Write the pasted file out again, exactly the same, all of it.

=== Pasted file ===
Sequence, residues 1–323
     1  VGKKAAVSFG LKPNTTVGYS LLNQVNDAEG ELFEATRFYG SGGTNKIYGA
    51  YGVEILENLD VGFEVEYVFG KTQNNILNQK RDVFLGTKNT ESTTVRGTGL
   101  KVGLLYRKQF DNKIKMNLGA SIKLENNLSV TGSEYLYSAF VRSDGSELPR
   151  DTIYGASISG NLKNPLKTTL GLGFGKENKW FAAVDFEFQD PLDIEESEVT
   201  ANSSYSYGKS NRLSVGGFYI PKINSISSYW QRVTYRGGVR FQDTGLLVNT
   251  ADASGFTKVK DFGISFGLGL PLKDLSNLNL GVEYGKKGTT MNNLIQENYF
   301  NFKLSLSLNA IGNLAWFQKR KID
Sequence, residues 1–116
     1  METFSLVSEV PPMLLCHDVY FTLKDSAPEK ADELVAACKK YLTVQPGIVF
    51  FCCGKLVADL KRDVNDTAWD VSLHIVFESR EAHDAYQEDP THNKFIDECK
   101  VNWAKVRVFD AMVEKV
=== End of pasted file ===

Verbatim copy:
Sequence, residues 1–323
     1  VGKKAAVSFG LKPNTTVGYS LLNQVNDAEG ELFEATRFYG SGGTNKIYGA
    51  YGVEILENLD VGFEVEYVFG KTQNNILNQK RDVFLGTKNT ESTTVRGTGL
   101  KVGLLYRKQF DNKIKMNLGA SIKLENNLSV TGSEYLYSAF VRSDGSELPR
   151  DTIYGASISG NLKNPLKTTL GLGFGKENKW FAAVDFEFQD PLDIEESEVT
   201  ANSSYSYGKS NRLSVGGFYI PKINSISSYW QRVTYRGGVR FQDTGLLVNT
   251  ADASGFTKVK DFGISFGLGL PLKDLSNLNL GVEYGKKGTT MNNLIQENYF
   301  NFKLSLSLNA IGNLAWFQKR KID
Sequence, residues 1–116
     1  METFSLVSEV PPMLLCHDVY FTLKDSAPEK ADELVAACKK YLTVQPGIVF
    51  FCCGKLVADL KRDVNDTAWD VSLHIVFESR EAHDAYQEDP THNKFIDECK
   101  VNWAKVRVFD AMVEKV